Ah Autumn, you're here! I've been waiting for you!

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Ah Autumn, you're here! I've been waiting for you!

Postby Jenise » Sat Oct 05, 2013 6:06 pm

Although I was in Georgia this week when the first true winter storm came along (a tad too early), that I left summer on my way out and came home to Fall is undeniable. To restock the fridge today, I went a little crazy on greens and squashes and braising meats. Oh joy, this is my favorite time of year to cook. What's yours?
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Re: Ah Autumn, you're here! I've been waiting for you!

Postby Karen/NoCA » Sat Oct 05, 2013 8:29 pm

I agree with you Jenise. Autumn is not quite here yet, but I can see some trees starting to change, and the leaves are falling from a few of the oaks. We are hoping for another WOW color year for Redding. Between this area, and the mountains, the color is breathtaking. Several years ago, we did a new landscape of our yard. We added many trees that have color in the Fall and blooms in the Spring. This also means lots of leaves, many leaves, millions of leaves. The oaks drop leaves all the time, but the Japanese Maples, and trees we brought it drop it all. Gene gets really busy this time of year. When the wind comes up we get leaves from our neighbors, as well. It is lots of work for him and we actually have to store leaves in huge plastic bags, because we are at our limit on the amount of yard waste cans we can have from the City. The week of Halloween is when our weather usually changes into Fall, I can hardly wait.

About the braising of meat.....I have done two dinners already with braised meats, as it is one of my favorite ways to cook.

By the way, what part of Georgia were you in?
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Re: Ah Autumn, you're here! I've been waiting for you!

Postby Robin Garr » Sat Oct 05, 2013 9:29 pm

Jenise wrote:came home to Fall is undeniable.

It's still very much summer here. If nature takes its course, we'll finally get a frost around Halloween and see peak leaf color then. It really hasn't started yet in the city, although it's coming soon.

The main thing I'm looking forward to, though, is bread. And pizza. And I'm thinking our new oven will make me very happy. :)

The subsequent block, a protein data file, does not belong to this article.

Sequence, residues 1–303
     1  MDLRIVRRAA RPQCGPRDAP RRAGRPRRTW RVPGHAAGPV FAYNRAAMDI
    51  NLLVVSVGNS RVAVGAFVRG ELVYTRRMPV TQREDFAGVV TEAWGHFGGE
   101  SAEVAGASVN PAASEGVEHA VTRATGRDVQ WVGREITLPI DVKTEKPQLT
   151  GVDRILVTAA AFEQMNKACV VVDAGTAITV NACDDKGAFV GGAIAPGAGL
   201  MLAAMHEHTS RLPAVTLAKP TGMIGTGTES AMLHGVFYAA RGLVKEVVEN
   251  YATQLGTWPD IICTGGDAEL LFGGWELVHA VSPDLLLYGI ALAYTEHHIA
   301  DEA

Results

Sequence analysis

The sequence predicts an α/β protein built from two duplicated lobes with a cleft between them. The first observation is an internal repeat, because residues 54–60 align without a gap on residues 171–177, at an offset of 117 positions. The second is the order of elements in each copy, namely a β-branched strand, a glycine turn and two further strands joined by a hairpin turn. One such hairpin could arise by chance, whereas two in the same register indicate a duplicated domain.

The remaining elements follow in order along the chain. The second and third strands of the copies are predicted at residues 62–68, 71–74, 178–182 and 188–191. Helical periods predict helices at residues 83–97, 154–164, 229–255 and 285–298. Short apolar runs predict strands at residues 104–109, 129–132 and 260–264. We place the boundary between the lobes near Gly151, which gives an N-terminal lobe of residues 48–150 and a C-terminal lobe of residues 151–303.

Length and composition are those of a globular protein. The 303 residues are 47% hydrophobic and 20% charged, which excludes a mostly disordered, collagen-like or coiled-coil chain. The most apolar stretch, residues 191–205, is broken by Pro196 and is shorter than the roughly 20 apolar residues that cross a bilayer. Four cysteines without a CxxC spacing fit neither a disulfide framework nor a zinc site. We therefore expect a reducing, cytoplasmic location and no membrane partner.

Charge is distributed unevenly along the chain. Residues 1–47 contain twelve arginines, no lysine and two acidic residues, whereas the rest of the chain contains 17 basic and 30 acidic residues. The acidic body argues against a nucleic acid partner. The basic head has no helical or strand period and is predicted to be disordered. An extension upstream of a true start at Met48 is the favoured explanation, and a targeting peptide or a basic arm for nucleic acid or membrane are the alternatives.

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Re: Ah Autumn, you're here! I've been waiting for you!

Postby Carrie L. » Sun Oct 06, 2013 10:34 am

It's definitely Autumn here in Maine. Our colors have popped about 1/3 of the way to peak. I've done a few fall meals so far. Lots of winter squashes, stuffed, roasted pork chops with a maple glaze and homemade apple sauce from a nearby orchard, and a "pseudo" lamb braise. Friends are coming to visit Tuesday and I'm planning on lamb shanks (finally found them!) for a "real" lamb braise. I'll also make a homemade apple pie with those same apples. We are in the low 60s during the day now. Crisp and cool. Yes, my favorite time of the year to cook too!
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Re: Ah Autumn, you're here! I've been waiting for you!

Postby Christina Georgina » Sun Oct 06, 2013 11:28 am

Interesting question Jenise. As I think about it, my favorite cooking season is really the time of transition between EVERY season when you are anxiously thinking about what the next season will offer and begin dreaming and planning. Many times I sense a real craving for something without really thinking about it and it is always a seasonal anticipatory item or dish. Interesting how this, other than gardening, is one of the concrete ways I remain connected to the seasons.
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Re: Ah Autumn, you're here! I've been waiting for you!

Postby Thomas » Sun Oct 06, 2013 2:55 pm

Colors have popped in the Finger Lakes but the temperature still says summer.

I'm a soup person, and so when the weather turns colder, I look forward to all kinds of soup making. I'm waiting for the first cool day so that I can make curry pumpkin soup. We've got about 2 dozen pumpkins this year and that means a lot of work to process and freeze for the winter.

All the basil is in and I've made a few dozen basil-olive oil ice cubes to store for winter pesto.

The figs are next. In a year like this, I get that second crop of figs that hardly ever matures here.

,,,and the leaves are raining down on us, as are the black walnuts, which can knock a person out!
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Re: Ah Autumn, you're here! I've been waiting for you!

Postby Jeff Grossman/NYC » Sun Oct 06, 2013 11:05 pm

Just came back from a weekend in CT. The color change has started, and it's quite nice already. Maybe two more weeks to peak. (And it has been cool, no late summer heat spikes here.)
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Re: Ah Autumn, you're here! I've been waiting for you!

Postby Jon Peterson » Tue Oct 08, 2013 8:24 am

51 degrees in central Maryland this AM and it looks like fall. This is our second fall as we had cool weather in the end of Sept, then hot again last week, now cool. Baked potatoes and a pork roast last night for dinner and appreciated the heat from the oven.
Up to Connecticut this weekend for Liz's 40th HS reunion and as Jeff said I'm looking forward to the color change. Liz was in New Hampshire the weekend before and I'm sure she'll see a difference.
But to answer the question, Jenise - fall is baking season for us and we like baking the best! I'll grill all through the winter, too, but baking takes the cake. :)
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Re: Ah Autumn, you're here! I've been waiting for you!

Postby Jenise » Tue Oct 08, 2013 2:34 pm

Thomas wrote:Colors have popped in the Finger Lakes but the temperature still says summer.

I'm a soup person, and so when the weather turns colder, I look forward to all kinds of soup making. I'm waiting for the first cool day so that I can make curry pumpkin soup. We've got about 2 dozen pumpkins this year and that means a lot of work to process and freeze for the winter.

All the basil is in and I've made a few dozen basil-olive oil ice cubes to store for winter pesto.

The figs are next. In a year like this, I get that second crop of figs that hardly ever matures here.

,,,and the leaves are raining down on us, as are the black walnuts, which can knock a person out!